Spatial Vulnerability of Rural Nigeria to Climate Change: Implications for Internal Security

By Ignatius A. Madu.

Published by The International Journal of Climate Change: Impacts and Responses

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Article: Print $US10.00
Article: Electronic $US5.00

The study assesses the spatial patterns of vulnerability to climate change in Nigeria as a backdrop to highlighting the security implications of the patterns as well as to underscore the need to mainstream climate change adaptation into the rural development process. This is necessary because policies on climate change adaptation in the country have often been made without empirical underpinnings—and, thus, without sufficient analytic rigor—on the spatial patterns of vulnerability to climate change. To achieve this aim, an integrated vulnerability assessment approach was employed by classifying socio-economic and biophysical indicators of vulnerability into adaptive capacity, sensitivity, and exposure to ascertain the degree of vulnerability of each state in Nigeria based on rural household data. The states were then grouped on the basis of similarity using hierarchical cluster analysis and mapped using 3.20a GIS software. The data for the research were obtained from Annual Abstract of Statistics 2006, General Household Survey 2006, and the Nigerian Core Welfare indicator Questionnaire Survey (CWIQ) 2006. The analysis of the patterns show that there are four classes of vulnerability to climate change in the country: high, moderate, low and very low, with average vulnerability indices of -0.01, 1.02, and 2.70 and 5.04 respectively. The analysis also shows that the most vulnerable households are in the northern states that experience frequent drought and are characterized by a high degree of rurality and poor socio-economic development. Based on the spatial picture of vulnerability to climate change and the security implications to the country, measures to mainstream climate change adaptation into rural development process were recommended including improvement in farming technology and development of grazing reserves.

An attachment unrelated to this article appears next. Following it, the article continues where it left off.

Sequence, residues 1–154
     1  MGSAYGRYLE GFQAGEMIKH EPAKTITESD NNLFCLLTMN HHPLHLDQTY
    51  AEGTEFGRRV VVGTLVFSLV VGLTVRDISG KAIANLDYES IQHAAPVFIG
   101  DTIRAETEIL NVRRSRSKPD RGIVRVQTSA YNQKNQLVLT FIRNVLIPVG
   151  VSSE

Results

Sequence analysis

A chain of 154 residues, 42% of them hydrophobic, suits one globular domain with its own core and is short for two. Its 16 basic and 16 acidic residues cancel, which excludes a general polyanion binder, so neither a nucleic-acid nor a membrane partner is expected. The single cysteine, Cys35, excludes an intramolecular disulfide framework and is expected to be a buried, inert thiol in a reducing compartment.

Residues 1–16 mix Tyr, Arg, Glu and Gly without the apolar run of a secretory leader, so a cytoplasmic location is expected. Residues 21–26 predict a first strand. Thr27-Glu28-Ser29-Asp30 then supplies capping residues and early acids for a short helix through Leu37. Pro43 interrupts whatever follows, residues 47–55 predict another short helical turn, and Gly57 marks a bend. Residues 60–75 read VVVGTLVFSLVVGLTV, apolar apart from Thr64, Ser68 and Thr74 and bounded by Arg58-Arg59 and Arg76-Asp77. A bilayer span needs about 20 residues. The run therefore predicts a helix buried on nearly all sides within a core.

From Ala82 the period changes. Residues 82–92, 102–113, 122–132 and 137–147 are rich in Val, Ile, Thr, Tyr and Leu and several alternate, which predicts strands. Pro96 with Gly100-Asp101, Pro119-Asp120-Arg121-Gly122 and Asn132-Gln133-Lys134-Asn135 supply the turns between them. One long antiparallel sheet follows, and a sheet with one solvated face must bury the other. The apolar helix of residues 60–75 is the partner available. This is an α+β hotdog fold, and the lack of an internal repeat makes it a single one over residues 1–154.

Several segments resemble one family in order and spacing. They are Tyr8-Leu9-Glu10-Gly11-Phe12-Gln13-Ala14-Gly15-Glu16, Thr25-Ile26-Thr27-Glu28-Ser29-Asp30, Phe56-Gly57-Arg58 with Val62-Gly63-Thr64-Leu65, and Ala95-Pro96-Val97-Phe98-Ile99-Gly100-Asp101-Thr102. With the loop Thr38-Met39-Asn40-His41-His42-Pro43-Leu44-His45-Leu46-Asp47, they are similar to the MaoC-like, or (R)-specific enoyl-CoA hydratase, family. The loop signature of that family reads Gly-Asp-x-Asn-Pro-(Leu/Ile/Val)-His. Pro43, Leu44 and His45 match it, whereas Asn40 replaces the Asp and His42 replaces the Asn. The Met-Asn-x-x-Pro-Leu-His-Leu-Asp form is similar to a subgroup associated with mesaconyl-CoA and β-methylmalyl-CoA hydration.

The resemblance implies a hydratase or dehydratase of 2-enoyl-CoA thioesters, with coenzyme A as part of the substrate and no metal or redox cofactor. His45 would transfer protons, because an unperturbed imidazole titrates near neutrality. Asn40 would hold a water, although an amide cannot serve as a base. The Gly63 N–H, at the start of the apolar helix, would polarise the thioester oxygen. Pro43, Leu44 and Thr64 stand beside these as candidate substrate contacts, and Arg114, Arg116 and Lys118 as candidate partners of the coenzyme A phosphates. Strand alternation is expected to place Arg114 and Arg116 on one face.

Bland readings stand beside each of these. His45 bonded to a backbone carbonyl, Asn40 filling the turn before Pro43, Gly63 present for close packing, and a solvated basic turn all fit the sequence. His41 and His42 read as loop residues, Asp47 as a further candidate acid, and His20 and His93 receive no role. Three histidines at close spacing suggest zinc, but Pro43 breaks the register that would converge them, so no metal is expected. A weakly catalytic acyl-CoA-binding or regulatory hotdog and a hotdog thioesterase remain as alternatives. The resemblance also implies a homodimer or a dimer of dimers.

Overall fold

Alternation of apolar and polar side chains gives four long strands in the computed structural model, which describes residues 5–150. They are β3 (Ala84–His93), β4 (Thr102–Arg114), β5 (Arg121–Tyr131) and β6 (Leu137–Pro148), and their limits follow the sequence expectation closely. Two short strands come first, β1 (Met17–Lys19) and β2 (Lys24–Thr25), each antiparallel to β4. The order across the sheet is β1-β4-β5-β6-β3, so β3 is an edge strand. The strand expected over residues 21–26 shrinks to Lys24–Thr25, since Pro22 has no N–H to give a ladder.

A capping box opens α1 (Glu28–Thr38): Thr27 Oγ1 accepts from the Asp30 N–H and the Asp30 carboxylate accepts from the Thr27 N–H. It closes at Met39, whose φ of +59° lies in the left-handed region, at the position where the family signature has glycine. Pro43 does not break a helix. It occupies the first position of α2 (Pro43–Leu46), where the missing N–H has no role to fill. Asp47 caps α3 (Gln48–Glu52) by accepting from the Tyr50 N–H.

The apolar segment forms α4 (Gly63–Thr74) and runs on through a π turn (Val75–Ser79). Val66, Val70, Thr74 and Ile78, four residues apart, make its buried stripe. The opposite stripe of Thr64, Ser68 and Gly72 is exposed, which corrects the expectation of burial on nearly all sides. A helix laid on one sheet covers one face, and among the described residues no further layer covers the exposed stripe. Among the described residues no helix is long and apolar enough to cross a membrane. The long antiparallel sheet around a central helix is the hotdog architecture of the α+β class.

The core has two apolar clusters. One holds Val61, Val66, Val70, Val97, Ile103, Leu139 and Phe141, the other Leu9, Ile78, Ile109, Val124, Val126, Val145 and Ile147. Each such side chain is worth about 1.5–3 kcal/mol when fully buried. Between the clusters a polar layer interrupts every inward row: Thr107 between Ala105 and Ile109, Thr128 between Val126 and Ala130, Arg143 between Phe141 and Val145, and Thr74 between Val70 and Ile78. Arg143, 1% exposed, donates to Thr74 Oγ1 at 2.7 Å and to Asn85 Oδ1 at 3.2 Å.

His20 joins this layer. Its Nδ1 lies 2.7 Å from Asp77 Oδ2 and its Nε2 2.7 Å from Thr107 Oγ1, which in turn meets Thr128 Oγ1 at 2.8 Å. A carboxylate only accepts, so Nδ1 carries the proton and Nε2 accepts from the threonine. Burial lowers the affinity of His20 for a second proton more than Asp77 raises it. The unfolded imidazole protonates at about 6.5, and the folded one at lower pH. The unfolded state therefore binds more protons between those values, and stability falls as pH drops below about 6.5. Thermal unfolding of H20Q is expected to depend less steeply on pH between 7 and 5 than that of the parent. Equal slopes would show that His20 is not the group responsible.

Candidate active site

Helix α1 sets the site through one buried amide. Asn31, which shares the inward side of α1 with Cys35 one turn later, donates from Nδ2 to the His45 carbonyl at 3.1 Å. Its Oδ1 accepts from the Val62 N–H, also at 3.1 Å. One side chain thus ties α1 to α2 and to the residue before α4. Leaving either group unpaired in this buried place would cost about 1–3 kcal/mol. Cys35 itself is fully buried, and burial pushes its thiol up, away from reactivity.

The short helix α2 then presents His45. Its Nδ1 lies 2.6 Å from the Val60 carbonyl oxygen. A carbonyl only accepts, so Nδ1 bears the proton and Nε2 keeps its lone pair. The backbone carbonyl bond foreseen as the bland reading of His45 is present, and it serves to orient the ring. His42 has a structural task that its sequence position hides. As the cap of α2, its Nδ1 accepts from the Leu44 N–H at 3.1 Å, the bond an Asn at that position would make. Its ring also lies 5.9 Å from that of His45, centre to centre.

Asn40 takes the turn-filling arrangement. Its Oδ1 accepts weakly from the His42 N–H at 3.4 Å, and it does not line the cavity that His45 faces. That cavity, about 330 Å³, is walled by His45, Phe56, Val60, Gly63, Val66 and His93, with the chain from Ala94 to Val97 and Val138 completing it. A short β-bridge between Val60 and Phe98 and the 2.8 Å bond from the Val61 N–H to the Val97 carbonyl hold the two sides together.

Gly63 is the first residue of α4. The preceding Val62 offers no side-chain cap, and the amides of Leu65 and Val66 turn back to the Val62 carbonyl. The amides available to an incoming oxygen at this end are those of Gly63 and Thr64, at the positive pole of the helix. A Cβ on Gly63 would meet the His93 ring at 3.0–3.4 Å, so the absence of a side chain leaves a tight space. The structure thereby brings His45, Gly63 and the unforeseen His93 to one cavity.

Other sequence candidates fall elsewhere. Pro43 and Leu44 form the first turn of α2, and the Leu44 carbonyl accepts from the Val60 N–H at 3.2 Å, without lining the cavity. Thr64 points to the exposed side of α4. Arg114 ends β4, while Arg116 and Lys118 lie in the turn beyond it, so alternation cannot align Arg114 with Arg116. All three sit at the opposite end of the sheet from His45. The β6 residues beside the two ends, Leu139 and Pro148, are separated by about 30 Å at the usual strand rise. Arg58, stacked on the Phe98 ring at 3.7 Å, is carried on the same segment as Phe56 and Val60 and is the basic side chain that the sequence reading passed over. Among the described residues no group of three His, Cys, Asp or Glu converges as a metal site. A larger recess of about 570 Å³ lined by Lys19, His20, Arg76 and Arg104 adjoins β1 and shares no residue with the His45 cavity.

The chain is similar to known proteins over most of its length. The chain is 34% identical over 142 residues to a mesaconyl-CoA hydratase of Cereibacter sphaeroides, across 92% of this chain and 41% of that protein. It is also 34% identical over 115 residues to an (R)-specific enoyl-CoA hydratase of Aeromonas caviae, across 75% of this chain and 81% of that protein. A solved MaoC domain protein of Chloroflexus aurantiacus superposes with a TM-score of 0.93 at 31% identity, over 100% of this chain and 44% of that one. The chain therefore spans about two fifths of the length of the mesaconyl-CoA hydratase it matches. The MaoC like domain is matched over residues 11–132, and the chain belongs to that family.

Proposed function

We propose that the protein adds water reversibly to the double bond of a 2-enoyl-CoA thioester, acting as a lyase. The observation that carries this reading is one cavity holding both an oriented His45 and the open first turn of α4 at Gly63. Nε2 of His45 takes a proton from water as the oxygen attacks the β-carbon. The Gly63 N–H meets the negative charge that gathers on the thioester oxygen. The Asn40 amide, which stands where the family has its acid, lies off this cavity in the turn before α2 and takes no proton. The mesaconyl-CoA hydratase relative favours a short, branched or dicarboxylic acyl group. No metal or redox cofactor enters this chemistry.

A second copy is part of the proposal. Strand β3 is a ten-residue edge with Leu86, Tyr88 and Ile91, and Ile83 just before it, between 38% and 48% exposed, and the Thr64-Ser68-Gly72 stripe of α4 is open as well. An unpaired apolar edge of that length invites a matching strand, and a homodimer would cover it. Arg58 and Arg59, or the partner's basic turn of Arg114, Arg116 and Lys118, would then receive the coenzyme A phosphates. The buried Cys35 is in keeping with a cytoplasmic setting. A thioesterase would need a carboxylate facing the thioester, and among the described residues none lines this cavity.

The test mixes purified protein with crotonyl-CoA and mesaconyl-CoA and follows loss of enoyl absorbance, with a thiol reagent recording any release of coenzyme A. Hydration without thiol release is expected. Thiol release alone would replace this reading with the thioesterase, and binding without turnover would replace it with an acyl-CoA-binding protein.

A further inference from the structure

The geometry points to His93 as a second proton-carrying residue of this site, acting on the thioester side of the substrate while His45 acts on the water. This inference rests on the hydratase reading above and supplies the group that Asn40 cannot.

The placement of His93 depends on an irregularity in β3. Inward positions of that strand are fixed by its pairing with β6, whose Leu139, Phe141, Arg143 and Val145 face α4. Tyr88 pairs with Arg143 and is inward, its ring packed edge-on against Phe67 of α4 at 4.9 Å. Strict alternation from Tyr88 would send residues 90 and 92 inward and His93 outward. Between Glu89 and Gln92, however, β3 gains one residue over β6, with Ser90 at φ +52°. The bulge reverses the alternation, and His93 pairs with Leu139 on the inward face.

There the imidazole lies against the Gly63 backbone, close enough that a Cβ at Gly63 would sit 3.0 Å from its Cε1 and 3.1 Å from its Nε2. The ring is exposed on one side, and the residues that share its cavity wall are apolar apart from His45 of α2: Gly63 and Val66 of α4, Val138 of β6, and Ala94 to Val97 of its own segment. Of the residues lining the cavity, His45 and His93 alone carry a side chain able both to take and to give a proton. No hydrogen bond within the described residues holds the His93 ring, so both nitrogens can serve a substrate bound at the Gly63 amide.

Keywords: Climate Change, Cluster Analysis, Rural Development Process, Spatial, Patterns and Vulnerability

The International Journal of Climate Change: Impacts and Responses, Volume 3, Issue 4, pp.79-98. Article: Print (Spiral Bound). Article: Electronic (PDF File; 1.129MB).

Ignatius A. Madu

Senior Lecturer, Geography and Geology, University of Nigeria, Nsukka, Nigeria

Ignatius A. Madu is a senior lecturer in the Department of Geography at the University of Nigeria Nsukka and is a Coordinator of the programme, Centre for Environmental Management and Control at the Enugu campus of the university. IIgnatius A. Madu has a PhD in Rural Geography and has been involved in academic university research since 1995. Ignatius A. Madu was Head of the Department of Geography from 2008–2010 and supervised both and PhD projects in diverse areas of Geography and the environment. Ignatius A. Madu is currently a research team member of the ATPS funded research on “the assessment of adaptation practices by smallholder farmers in southeast Nigeria, and Open Society Institute” (OSI-ZUG), which is a funded project on Building Trans-disciplinary Climate Change Adaptation Capacity at the University of Nigeria (2010–2013). Ignatius A. Madu’s research interests include population, environmental change and development linkages. Ignatius A. Madu has presented research findings in a number of local and international conferences and has published in both local and international journals.


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